I walked my 5 year old son to school today. We held hands and talked a little. I reminded him to try to help someone today. He listens and responds dutifully, “Yes, sir.” It is nothing he hasn’t heard before. Trying to be sensitive to his budding self-awareness, I stop him before we get to the school. I bend down and kiss him, whispering in his ear, “I love you, and I am proud of you.” He looks at me for a moment and says, “I love you too, daddy.” And then he walks on. Down the sidewalk. Past the cars lined up and waiting to let children out when it is their turn.
About halfway to the building now, he stops for just a moment and looks back, his expression blank. He raises his hand and waves. I smile and wave. I feel my heart coming out of my chest. It jumps in his backpack and goes with him to school.
Why did he look back? Was he saying, “Dad, you can go now.” Was he looking back to make sure I was still there? To make sure he wasn’t alone? Did he feel my gaze following him? Did he want to communicate with me one more time? Just to be sure. Just to know.
Our holy Scriptures are charged but ambivalent about the notion of looking back. In Genesis 19, Lot’s wife disobeyed the angels and looked back toward her old life in Sodom. God turned her to salt. In Jesus’ ministry, listeners occasionally made excuses about why they had to go back and do something before they began to follow Jesus. In Luke 9:62, Jesus says no one who looks back is fit for service in the kingdom.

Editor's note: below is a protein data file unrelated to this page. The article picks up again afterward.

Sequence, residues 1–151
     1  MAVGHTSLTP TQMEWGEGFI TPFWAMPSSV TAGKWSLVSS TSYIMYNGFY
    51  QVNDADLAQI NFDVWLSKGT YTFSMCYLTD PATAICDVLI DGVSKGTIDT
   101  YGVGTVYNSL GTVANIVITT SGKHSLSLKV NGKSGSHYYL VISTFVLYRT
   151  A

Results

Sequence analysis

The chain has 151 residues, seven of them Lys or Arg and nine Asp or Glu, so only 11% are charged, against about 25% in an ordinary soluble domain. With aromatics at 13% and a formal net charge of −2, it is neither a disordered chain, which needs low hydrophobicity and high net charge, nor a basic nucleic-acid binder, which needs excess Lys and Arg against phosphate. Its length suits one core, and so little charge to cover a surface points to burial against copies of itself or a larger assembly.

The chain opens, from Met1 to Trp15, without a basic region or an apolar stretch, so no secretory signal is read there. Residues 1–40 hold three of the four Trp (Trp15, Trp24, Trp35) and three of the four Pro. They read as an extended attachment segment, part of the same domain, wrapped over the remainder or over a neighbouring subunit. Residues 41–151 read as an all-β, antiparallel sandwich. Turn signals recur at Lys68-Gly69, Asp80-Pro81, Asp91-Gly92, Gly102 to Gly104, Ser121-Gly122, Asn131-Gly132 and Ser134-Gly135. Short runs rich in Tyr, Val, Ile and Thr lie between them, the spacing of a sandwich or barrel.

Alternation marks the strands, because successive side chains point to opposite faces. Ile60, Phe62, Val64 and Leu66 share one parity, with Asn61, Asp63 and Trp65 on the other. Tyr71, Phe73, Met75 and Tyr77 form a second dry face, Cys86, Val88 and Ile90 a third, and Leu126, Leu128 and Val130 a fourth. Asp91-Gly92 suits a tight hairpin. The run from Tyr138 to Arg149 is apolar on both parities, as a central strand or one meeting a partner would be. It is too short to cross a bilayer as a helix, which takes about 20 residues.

In contrast, Jesus at the Last Supper repeatedly tells his disciples to remember. He commands them to use their minds and their hearts to continually look back to their time together, their common ministry and the intimate meal that would be their last time gathered together on this side of the cross. And, throughout Scripture, we are called to be thankful. Gratitude usually has a strong element of looking back. We look back at what God has done, and we give thanks and praise for Him and it!
In the face of this ambivalence, how then should we live as believers? In Scripture, when looking back is condemned, it because the person is looking away from God, looking back to an old way of life or looking to other priorities that they are putting ahead of responding to the call of Jesus. Conversely, looking back is encouraged when it is God we are looking for. God lives in our past, our present and our future, and it is an instant blessing to seek Him in all three places. He created, provided for and shepherded our past. He lives in us and beside us in the present. He goes ahead of us in the future, constantly dreaming and re-dreaming our best future based on the possibilities that come or leave due to our latest actions, thoughts or decisions. He isn’t a prisoner of time. He created time. He holds it in his hand. He is before, inside and after time itself. He simply is.
I believe my son looked back to see if I was there. I was there, and I will be there for him as long as I have breath. God has an even bigger promise that He makes to us. He promises to be with us eternally.
Just pause and look back on your faith journey. You’ll see where He has been working in your life. Open your hands & heart now and listen for Him in the present. Look for Him do a new thing in your life in the future. And, most importantly, just stop. Stop for a moment and look for Him. He is closer than you think.